Kazakhgate: A Commission that fails to investigate relevant facts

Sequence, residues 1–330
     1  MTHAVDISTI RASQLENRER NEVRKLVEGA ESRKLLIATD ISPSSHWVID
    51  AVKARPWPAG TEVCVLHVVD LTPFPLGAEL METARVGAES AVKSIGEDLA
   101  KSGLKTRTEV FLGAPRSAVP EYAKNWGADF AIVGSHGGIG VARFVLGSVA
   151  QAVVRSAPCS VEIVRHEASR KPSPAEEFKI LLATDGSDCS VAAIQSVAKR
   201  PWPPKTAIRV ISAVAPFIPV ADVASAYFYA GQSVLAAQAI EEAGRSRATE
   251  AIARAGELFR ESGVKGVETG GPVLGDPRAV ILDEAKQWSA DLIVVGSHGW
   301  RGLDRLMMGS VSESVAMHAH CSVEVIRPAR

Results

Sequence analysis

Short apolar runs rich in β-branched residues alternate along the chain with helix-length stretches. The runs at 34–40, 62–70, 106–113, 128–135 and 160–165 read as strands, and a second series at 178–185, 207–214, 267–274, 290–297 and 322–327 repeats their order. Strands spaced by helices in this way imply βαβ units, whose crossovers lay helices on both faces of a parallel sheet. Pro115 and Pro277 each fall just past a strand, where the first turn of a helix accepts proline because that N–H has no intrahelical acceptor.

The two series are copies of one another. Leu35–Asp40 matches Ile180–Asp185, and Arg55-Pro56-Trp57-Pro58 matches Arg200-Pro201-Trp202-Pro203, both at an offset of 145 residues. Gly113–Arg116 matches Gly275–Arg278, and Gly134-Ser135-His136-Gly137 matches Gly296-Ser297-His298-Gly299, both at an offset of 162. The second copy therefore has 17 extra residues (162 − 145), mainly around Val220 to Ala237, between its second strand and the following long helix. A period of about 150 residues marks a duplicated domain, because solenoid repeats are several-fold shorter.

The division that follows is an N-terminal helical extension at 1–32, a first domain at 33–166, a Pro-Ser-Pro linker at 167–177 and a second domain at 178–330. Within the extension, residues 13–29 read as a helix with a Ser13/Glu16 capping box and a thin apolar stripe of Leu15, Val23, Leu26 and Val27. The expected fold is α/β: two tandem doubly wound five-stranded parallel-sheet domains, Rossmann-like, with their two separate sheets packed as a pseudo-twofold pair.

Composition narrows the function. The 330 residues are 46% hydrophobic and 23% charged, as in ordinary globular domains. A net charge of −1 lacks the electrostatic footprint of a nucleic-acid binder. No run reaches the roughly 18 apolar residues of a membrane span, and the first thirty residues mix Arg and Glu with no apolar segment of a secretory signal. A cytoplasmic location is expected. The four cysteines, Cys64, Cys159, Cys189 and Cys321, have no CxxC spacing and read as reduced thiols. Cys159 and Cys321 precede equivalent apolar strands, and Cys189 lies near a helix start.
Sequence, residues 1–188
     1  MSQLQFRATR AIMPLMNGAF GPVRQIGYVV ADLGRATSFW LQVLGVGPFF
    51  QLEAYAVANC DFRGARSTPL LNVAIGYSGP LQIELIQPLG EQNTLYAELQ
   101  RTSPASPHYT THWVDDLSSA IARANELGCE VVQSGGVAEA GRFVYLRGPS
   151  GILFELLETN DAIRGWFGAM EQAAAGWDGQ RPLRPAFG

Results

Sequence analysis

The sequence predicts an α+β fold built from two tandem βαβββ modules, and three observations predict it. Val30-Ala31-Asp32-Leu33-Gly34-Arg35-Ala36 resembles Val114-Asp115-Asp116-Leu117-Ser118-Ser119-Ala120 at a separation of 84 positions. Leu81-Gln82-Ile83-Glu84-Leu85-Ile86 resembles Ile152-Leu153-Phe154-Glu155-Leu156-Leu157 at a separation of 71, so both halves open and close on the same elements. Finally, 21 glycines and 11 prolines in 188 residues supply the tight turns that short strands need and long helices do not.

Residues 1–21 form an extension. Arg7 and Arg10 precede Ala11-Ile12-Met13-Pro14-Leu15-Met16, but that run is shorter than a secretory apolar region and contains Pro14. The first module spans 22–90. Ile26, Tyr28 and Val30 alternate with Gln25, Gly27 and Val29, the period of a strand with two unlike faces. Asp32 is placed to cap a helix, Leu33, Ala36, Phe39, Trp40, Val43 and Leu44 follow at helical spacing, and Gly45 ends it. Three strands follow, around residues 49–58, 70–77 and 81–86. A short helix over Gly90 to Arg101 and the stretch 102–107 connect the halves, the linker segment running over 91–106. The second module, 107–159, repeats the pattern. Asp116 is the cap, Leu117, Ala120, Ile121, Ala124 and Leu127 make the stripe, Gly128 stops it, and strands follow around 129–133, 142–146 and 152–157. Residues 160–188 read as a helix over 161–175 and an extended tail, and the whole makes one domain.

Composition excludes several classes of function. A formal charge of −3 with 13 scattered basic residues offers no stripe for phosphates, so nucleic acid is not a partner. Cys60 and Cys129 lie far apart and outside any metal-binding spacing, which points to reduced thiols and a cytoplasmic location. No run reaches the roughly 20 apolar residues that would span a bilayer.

In a recent interview in the Belgian magazine HUMO, the president of the so-called Kazakhgate commission, Dirk Van der Maelen (sp.a), said that “the text we voted on March 2, 2011, was not from Carina Van Cauter. It was a copy of the bill of Servais Verherstraeten (CD&V). We have now discovered during the inquiry that Verherstraeten’s text is identical with a proposal drafted for the first time in an inter-cabinet working group in 2009. And from that text we know the basis of it was written by lawyers for the Antwerp World Diamond Center (AWDC). So the basis of the law in 2011 was the work of the advisors of the diamond industry.” By “the text” he means the amendment that extended the scope of the criminal settlement in the Belgian Code of Criminal Procedure. What Van der Maelen omits to say in the interview is that he didn’t found out in 2017 that the amendment was written by the lawyers lobbying for AWDC – he knew it all along. In March 2012, Van der Maelen declared for the same HUMO magazine that “As far as I know, it is the work of liberals and CD&V, based on a text written by the diamond lawyers Axel Haelterman and Raf Verstraeten. The extended amicable settlement is a project of the diamond traders.” (source: http://www.humo.be/) So apparently Van der Maelen didn’t need to run a commission in 2017 to tell him what he already knew in 2011 – namely, that the extension of the amicable criminal settlement was the work of the powerful lobby of the diamond traders in Antwerp. What Van der Maelen never says, and which is a lie by omission, is that in 2009 he was the vice-president of the parliamentary commission investigating the cases of big fiscal fraud in Belgium. This commission unanimously recommended to the Belgian parliament to establish a general amicable settlement and/or transaction system which, in its application, will put an end to criminal prosecution of fiscal frauds. (See here, recommendation no. 36, on page 243: http://www.dekamer.be/.) In other words, Dirk Van der Maelen, the man who in 2017 runs a parliamentary commission aiming to investigate how the law on amicable criminal settlements ever came to being, is the same man who in 2009 was the vice-president of the parliamentary commission that unanimously recommended the introduction of the extended criminal settlement procedure. If this is not a gross conflict of interests, nothing is. So the question is: why all these lies and fabrications? Why is the so-called Kazakhgate commission bound to ignore the truth?   Belgium, two countries in one To understand how the commission works and what it is bound to do politically, we need to understand that Belgian politics is highly dependent on language divisions. Dutch-speaking political parties do not really compete with their French-speaking counterparts. This is because the Dutch-speaking electorate doesn’t vote for the French-speaking parties – and vice-versa. As a consequence, it’s as if we’re having two different political systems. As a French-speaking party, you’re competing only against other French-speaking parties: what happens in Flanders can’t bring you votes. Conversely, Flemish political parties compete only among themselves: what happens in the Walloon region is ultimately irrelevant for them. The so-called Kazakhgate commission was created at the request of two French-speaking opposition parties: the Greens (Ecolo), and the Left-Liberals (DéFI). Both these parties pushed hard for the establisment of this commission – for political reasons. Ecolo needed this commission to get the center stage and win political points against its opponents: the Right-Liberals (Reformist Movement - MR), the Socialists (PS), and, most importantly, the Communists (PTB-Go). Since 2014, the Communists became far more appealing for the French-speaking electorate than the Greens. Recent polls show them as the third most important party in the Walloon region (after the Socialists and the Right-Liberals), with the Greens lingering on the fifth place. DéFI, on the other hand, is a very small party struggling to get some votes from the liberal electorate, who usually votes for the Right-Liberals (MR). To do so, it needs visibility – and the Kazahgate commission offers plenty of it. It’s no wonder, then, that these two political parties were the ones who pushed hard for the commission to be established – and also the ones who have the most to lose if the whole affair proves to be nothing but hot air.   Why Kazakhgate and not Diamondgate? The story of Kazakhgate, as it was circulated in the media, was perfect for Ecolo and DéFI. If true, it would have allowed them to put MR into a corner, since two of the most important Belgian political figures in this story – Didier Reynders and Armand De Decker – are top MR politicians. We have Kazakhgate instead of Diamondgate simply because Ecolo and DéFI are French-speaking political parties with regional interests only. Diamonds are a Flemish affair that doesn’t bring them votes. Unfortunately for Ecolo and DéFI, the story proved to be a fake from top to bottom, as OSI showed here: http://www.opensourceinvestigations.com/. The fact that the enlarged transaction was drafted, introduced in the Belgian Parliament and voted by the lobby of the diamond traders in Antwerp moves the entire affair on Flemish territory. Therefore, it makes it politically irrelevant for the French-speaking electorate. This is why Ecolo and especially his MP, Georges Gilkinet (the vice-president of the commission), are trying hard to obscure the truth and to create “alternative facts.” Gilkinet basically turned himself into a fake news machine regarding Kazakhgate. His Twitter page is full of strange, incoherent and utterly impossible facts and declarations, as if he’s desperately trying to create a parallel universe where all the unsubstantiated conspiracy theories that he produces might somehow be true. Gilkinet is apparently the main source of information regarding the commission’s works leaked to the press, something that others members of the commission, especially those from the majority, find extremely objectionable. The Ecolo MP is so fond of his stunts that he came to endanger the very existence of the commission. The members of the Flemish parties in the commission recently threatened to dismantle it if Gilkinet continues with his dishonest practices. However, the Flemish parties are quite happy with the fabrications of Gilkinet, as long as they are kept under control, because such fabrications keep the diamond lobby safe, away from public inquiry. In other words, everybody in the commission is happy with the Kazakhgate fictions. The French-speaking parties in the opposition, mostly Ecolo and DéFI, hope to use it to win votes from the French-speaking electorate by posing as heroes. This is why every time the investigation moves towards the diamond lobby – a Flemish affair – they are trying hard to link it back to Chodiev and Sarkozy – to move it back on French-speaking territory. On their part, the Flemish parties, especially those forming the majority, are also interested to move the story on the French-speaking territory, in order to avoid deeper investigations into the role of the diamond lobby. This is why, for instance, Dirk Van der Maelen supports Georges Gilkinet’s conspiracy theories. The French-speaking parties and the Flemish ones have different interests. However, in this case they converge perfectly. This is why the Kazakhgate commission is bound to ignore the truth – and to keep ignoring it. The truth serves nobody’s political interests.